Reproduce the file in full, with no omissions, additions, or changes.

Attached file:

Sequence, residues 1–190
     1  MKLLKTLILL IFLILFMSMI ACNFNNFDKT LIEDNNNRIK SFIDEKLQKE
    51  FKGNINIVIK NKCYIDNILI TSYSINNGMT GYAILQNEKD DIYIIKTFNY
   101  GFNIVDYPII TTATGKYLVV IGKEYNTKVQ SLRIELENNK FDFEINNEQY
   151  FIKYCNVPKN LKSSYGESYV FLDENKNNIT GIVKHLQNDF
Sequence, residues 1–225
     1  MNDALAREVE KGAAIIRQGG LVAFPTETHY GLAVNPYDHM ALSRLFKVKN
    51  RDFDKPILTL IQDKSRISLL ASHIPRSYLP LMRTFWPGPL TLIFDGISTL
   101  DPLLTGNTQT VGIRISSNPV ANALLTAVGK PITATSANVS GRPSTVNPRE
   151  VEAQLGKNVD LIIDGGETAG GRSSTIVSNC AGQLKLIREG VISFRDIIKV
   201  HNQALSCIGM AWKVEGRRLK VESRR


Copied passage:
Sequence, residues 1–190
     1  MKLLKTLILL IFLILFMSMI ACNFNNFDKT LIEDNNNRIK SFIDEKLQKE
    51  FKGNINIVIK NKCYIDNILI TSYSINNGMT GYAILQNEKD DIYIIKTFNY
   101  GFNIVDYPII TTATGKYLVV IGKEYNTKVQ SLRIELENNK FDFEINNEQY
   151  FIKYCNVPKN LKSSYGESYV FLDENKNNIT GIVKHLQNDF
Sequence, residues 1–225
     1  MNDALAREVE KGAAIIRQGG LVAFPTETHY GLAVNPYDHM ALSRLFKVKN
    51  RDFDKPILTL IQDKSRISLL ASHIPRSYLP LMRTFWPGPL TLIFDGISTL
   101  DPLLTGNTQT VGIRISSNPV ANALLTAVGK PITATSANVS GRPSTVNPRE
   151  VEAQLGKNVD LIIDGGETAG GRSSTIVSNC AGQLKLIREG VISFRDIIKV
   201  HNQALSCIGM AWKVEGRRLK VESRR